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Scientists devise new ways to remote control living organisms

Tuesday, February 25, 2014 by: L.J. Devon, Staff Writer
Tags: living organisms, remote control, paralysis

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(NaturalNews) Imagine a world where one person's brain could be used to control the hand movements of another through electrode stimulation... Imagine machines that could be triggered and told what to do just by one man's thought...

Remote control of living organisms becoming a reality

Scientists are on their way to making this happen. A new report published in Nature Communications shows how US scientists are making progress in the remote control of living organisms. Their demonstrations on monkeys have been described as "a key step forward" in controlling living organisms from a remote brain.

The progress is not as advanced and creepy as it sounds. University of Warwick Professor Christopher James dismissed a future of controlling other people's bodies by thought, saying "Some people may be concerned this might mean someone taking over control of someone else's body, but the risk of this is a no-brainer. ... [I]n an able-bodied person their own control over their limbs remains anyway, so no-one is going to control anyone else's body against their wishes any time soon."

The technology is about helping paralyzed people regain control of their movements

Instead, these Harvard scientists believe that this progress could help paralyzed people regain control of their own body. Their demonstrations, carried out in monkeys, show how thought can be transferred from one awake monkey through the spinal cord of another sedated "avatar monkey," allowing the "master" monkey to control the hand movements of the sedated one.

For those with spinal cord damage and movement paralysis, this is great news. The team's goal is to provide solutions for paralyzed people. Spinal cord damage, which stops the flow of information between the brain and the body, can leave people helpless. These new discoveries could remove neuron communication barriers, enabling the paralyzed to walk or feed themselves again.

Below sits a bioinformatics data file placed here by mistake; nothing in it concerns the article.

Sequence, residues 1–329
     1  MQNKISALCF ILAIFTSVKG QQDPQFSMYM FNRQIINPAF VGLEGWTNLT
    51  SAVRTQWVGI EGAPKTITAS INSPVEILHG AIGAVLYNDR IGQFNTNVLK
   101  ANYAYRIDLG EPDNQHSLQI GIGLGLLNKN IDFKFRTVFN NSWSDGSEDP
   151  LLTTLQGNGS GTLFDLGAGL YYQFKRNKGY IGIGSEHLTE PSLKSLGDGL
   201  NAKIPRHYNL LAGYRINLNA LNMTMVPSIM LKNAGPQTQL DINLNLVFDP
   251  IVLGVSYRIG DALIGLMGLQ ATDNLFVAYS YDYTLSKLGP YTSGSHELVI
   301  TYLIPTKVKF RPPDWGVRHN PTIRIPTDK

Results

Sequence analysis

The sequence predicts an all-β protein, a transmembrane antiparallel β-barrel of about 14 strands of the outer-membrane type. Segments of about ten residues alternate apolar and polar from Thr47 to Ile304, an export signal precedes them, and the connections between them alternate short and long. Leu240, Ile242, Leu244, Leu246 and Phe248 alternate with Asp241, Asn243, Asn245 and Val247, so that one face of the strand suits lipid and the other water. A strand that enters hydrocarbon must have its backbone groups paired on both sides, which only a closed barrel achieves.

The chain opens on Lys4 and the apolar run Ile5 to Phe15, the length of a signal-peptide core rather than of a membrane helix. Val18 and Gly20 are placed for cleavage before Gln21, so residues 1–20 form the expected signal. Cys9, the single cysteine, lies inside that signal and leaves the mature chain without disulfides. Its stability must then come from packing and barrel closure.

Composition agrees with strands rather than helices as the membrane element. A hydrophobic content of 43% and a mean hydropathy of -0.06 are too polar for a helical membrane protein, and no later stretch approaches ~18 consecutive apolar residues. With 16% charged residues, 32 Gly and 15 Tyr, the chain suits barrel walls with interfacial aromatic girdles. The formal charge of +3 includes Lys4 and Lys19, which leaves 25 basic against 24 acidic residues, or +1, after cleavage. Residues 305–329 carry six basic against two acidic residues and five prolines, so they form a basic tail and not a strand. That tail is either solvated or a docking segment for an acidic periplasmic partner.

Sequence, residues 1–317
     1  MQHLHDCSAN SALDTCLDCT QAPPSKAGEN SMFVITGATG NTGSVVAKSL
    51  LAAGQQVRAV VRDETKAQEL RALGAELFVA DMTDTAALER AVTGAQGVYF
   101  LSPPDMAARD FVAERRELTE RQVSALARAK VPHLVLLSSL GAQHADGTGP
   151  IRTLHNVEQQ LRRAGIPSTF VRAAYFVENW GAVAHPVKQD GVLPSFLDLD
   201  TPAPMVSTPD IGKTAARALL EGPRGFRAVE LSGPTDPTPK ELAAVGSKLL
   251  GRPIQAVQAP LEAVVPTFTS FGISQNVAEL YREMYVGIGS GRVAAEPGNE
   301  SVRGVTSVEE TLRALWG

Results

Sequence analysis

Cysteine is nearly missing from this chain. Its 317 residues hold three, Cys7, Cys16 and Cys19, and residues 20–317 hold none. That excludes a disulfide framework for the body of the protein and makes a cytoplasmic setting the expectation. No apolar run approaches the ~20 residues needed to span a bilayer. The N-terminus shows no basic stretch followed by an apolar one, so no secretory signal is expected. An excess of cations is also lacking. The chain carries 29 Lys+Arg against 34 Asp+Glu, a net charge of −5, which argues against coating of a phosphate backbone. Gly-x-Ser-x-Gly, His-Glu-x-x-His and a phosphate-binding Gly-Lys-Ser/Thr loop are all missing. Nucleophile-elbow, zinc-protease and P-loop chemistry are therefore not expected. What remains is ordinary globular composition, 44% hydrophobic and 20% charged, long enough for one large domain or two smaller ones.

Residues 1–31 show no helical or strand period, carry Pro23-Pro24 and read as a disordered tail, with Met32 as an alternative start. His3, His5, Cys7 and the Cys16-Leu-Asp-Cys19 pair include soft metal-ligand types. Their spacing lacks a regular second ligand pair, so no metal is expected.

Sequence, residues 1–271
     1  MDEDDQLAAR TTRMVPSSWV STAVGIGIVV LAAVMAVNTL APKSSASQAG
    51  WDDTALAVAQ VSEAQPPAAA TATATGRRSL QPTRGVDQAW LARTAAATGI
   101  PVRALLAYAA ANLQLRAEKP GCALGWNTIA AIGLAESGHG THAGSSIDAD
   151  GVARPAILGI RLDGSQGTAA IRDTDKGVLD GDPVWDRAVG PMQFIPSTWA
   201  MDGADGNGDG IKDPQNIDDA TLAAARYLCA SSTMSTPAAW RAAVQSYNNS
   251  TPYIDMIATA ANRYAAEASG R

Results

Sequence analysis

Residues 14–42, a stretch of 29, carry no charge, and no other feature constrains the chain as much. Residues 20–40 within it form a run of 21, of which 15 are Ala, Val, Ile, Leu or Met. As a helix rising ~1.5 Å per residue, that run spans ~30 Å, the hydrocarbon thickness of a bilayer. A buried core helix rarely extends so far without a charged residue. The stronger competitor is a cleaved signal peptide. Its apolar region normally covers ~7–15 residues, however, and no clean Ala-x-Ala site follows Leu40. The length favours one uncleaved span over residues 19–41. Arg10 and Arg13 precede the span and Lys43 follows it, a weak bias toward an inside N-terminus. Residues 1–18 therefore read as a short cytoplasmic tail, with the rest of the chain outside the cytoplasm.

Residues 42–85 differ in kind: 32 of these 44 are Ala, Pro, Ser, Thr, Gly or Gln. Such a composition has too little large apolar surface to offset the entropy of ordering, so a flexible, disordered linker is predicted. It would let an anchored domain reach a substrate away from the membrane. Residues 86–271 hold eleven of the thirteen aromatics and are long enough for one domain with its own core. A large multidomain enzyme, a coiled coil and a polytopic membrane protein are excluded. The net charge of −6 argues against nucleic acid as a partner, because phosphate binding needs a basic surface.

Monkey's thoughts transferred to a sedated monkey and used to remotely control its hand movements

The scientists at the Harvard Medical School installed a chip, capable of monitoring the activity of up to 100 neurons, in the awake, or "master," monkey's brain. As they trained the master monkey, its physical actions were matched up with electrical activity patterns seen in its neurons.

Thirty-six corresponding electrodes were implanted in the other monkey, which was sedated. The thoughts of the master monkey were transferred by the electrodes to manipulate the sedated primate's arm. After hooking the two monkeys up, the scientists observed the transfer of thought from the master monkey to movement in the sedated one in real time. The scientists placed a joystick in the sedated monkey's hand and watched as the master monkey transferred thought to him, moving the cursor. 98 percent of the tests showed that the master could control the sedated monkey's arm, up or down.

One of the scientists, Dr Ziv Williams, said, "The goal is to take people with brain stem or spinal cord paralysis and bypass the injury. The hope is ultimately to get completely natural movement, I think it's theoretically possible, but it will require an exponential additional effort to get to that point."

The breakthroughs are just the beginning as scientists aim to help the disabled

This research is important and profound for limb amputees and those with prosthetic limbs. Even a little progress could make all the difference for paralyzed people, allowing them to control the movements of their extremities. This new research shows how remote control of living organisms could be applied to move a cursor up and down, but the technology is far from allowing the transfer of such dextrous movements as drinking from a cup. The scientists say that other factors are at play too, including muscle rigidity, which is common in paralyzed patients.

Researchers from around the country are looking forward to more progress. The head of biomedical engineering at the University of Strathclyde, Professor Bernard Conway, says, "The work is a key step forward that demonstrates the potential of brain machine interfaces to be used in restoring purposeful movement to people affected by paralysis. However, significant work still remains to be done before this technology will be able to be offered to the people who need it."

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